On day four we were fortunate enough to receive a skype lecture by Dr Johanna Lofi from the University of Montpellier on the recent IODP Expedition 346 in the Japan Sea. Johanna’s lecture would provide an excellent context for us as we then moved onto a more technical part of the course and interpretation of petrophysical data. Later that afternoon we began work on Techlog, a software package from Schlumberger for the interpretation of borehole data. Rudi Mathers from Schlumberger, alongside the very helpful Jess Keeble (Schlumberger), Kieran Blacker and Laurence Phillpot (both Leicester), then guided us through the software. We used the IODP data from Johanna, which we had just heard about, and were shown how to implement the various logs in the software. We spent the afternoon learning how to view and edit the different logs, as well as other useful tools like cross-plotting the data. The technical sessions really helped to put all the theory we had worked on at the beginning of the week into perspective and we started to feel like real petrophysicists! Once 5pm hit we then retired for the day to Brewdog for some pizza and beer (we are still students after all) to celebrate the 4th of July with our American colleagues who had travelled over for the course.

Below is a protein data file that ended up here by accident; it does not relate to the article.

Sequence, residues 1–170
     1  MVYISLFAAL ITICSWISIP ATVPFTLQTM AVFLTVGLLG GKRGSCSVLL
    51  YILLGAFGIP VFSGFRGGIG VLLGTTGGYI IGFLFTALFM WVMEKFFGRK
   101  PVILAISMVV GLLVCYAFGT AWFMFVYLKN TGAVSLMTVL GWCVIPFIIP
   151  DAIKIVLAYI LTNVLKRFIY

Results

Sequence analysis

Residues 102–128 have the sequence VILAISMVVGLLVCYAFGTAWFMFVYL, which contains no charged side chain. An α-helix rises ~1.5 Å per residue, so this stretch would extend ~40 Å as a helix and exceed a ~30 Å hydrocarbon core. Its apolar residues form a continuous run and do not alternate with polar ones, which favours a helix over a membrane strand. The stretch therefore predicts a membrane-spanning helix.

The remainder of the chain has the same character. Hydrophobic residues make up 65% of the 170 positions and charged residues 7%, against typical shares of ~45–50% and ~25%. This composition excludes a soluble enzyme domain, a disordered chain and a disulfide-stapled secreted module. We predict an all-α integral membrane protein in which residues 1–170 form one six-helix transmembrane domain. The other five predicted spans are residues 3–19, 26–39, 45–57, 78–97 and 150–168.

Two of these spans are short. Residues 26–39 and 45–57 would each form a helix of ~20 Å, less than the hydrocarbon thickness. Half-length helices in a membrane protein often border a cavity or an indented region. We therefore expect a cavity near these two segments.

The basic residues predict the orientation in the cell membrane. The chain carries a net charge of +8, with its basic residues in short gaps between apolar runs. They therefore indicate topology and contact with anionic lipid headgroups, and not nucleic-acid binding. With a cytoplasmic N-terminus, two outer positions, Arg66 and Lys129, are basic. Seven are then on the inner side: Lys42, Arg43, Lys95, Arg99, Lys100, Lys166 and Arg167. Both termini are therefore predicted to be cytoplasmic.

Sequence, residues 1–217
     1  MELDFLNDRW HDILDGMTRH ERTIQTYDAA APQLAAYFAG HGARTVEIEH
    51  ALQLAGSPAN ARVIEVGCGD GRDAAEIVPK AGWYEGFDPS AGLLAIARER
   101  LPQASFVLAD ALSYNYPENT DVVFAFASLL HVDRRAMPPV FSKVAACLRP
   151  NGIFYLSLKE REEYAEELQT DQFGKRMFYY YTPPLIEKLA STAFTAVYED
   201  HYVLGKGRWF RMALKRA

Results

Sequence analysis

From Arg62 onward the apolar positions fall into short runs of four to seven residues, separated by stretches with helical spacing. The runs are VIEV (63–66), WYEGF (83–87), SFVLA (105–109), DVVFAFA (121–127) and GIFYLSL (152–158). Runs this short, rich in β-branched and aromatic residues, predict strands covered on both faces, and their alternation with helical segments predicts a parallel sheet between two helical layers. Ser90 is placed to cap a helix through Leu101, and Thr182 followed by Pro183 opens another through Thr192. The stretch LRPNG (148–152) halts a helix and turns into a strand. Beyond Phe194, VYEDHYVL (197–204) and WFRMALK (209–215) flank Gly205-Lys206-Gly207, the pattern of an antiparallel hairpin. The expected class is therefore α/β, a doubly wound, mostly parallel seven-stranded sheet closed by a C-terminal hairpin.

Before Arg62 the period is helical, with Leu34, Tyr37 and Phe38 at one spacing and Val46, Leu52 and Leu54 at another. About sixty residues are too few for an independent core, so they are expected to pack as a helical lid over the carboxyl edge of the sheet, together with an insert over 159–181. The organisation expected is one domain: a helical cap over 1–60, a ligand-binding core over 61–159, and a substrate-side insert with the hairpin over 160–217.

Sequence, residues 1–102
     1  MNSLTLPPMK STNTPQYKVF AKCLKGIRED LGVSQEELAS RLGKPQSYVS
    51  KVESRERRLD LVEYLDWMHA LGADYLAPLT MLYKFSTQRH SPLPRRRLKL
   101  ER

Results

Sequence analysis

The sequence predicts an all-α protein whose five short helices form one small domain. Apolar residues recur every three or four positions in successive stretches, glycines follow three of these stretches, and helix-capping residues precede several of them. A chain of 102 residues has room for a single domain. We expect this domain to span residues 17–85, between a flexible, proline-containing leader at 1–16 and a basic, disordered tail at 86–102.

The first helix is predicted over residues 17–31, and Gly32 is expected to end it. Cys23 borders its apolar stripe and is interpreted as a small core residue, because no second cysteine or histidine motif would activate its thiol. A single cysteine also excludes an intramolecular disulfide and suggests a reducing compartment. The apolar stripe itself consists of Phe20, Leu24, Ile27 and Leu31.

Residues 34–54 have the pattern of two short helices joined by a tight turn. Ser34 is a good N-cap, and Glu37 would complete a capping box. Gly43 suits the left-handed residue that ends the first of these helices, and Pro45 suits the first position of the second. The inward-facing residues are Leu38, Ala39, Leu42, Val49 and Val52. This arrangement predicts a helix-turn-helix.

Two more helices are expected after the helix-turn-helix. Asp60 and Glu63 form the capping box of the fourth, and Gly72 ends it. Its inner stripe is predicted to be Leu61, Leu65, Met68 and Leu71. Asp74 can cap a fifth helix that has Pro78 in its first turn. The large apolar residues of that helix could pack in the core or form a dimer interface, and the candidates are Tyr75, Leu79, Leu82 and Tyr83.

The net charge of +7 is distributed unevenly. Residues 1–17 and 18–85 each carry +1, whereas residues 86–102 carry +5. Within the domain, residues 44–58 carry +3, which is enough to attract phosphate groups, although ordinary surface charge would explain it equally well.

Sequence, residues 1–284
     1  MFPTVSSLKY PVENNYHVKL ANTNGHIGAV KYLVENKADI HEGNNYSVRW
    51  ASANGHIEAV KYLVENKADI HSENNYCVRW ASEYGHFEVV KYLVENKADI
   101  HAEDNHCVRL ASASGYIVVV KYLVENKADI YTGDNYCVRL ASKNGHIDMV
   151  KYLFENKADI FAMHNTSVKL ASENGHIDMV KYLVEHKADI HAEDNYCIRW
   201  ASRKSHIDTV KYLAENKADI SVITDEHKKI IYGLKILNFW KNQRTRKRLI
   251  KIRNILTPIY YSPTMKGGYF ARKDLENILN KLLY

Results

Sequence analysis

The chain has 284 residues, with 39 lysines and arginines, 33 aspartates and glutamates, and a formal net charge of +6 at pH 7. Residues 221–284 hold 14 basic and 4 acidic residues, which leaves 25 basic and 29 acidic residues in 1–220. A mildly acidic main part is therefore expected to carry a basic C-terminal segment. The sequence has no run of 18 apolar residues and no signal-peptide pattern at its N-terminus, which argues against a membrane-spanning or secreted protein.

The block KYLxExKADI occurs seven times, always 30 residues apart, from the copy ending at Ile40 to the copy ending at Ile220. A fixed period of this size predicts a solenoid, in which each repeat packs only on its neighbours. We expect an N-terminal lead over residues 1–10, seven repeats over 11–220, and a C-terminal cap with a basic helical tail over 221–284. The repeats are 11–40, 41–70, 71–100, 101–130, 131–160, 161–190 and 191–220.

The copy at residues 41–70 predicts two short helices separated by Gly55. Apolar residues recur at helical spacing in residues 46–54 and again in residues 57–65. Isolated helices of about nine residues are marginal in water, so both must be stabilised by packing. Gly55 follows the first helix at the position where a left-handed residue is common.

After our previous night’s fill of pizza and beer we got stuck back into Techlog and learning some of the more complex operations, like how to interpret different facies-types using Techlog’s many advanced features. Later in the afternoon, Gilles then provided us with an insight into sonic data before a break for some well-earned ice lollies – despite the temperature, they did not completely melt immediately out of the ice cooler! To finish off the afternoon, Angela gave us a lecture on well-seismic integration from some fascinating data offshore New Zealand. Later that evening we had a big (a VERY BIG) dinner at Kayal’s Indian Restaurant for our final meal together as a cohort.

On Friday, the last day of the course, Gilles provided us with a lecture on how to use velocity data to tie borehole logs to seismic reflection data, before a talk from Erwan about physical properties, and a chance to try our hand at the lab equipment used to measure P-wave velocities and thermal conductivity. We spent a free afternoon session on Techlog with our own datasets.  This was really useful as we could finally use all the knowledge and skills we had gained on our own research, and with some (a lot of) help from the demonstrators, we were able to make a start on answering some of the questions we had presented on our posters earlier that week. After another break for ice lollies, the course was finished up with prizes being awarded for the best presentations and all the participants received their well-earned certificates. After a couple of hours of more chatting and laughing (somehow we still all had things to talk about) some had to begin to make their journeys home, bringing an end to an excellent week in glorious sunshine of Leicester.